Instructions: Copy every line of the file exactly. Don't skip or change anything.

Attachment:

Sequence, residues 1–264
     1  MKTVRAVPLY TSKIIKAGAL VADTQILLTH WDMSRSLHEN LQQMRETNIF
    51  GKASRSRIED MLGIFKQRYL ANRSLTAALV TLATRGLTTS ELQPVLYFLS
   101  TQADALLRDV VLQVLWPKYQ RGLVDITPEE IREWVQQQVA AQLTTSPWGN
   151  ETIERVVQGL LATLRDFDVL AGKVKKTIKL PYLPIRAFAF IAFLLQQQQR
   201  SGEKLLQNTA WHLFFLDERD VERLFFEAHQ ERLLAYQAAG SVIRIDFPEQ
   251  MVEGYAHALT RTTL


Sequence, residues 1–264
     1  MKTVRAVPLY TSKIIKAGAL VADTQILLTH WDMSRSLHEN LQQMRETNIF
    51  GKASRSRIED MLGIFKQRYL ANRSLTAALV TLATRGLTTS ELQPVLYFLS
   101  TQADALLRDV VLQVLWPKYQ RGLVDITPEE IREWVQQQVA AQLTTSPWGN
   151  ETIERVVQGL LATLRDFDVL AGKVKKTIKL PYLPIRAFAF IAFLLQQQQR
   201  SGEKLLQNTA WHLFFLDERD VERLFFEAHQ ERLLAYQAAG SVIRIDFPEQ
   251  MVEGYAHALT RTTL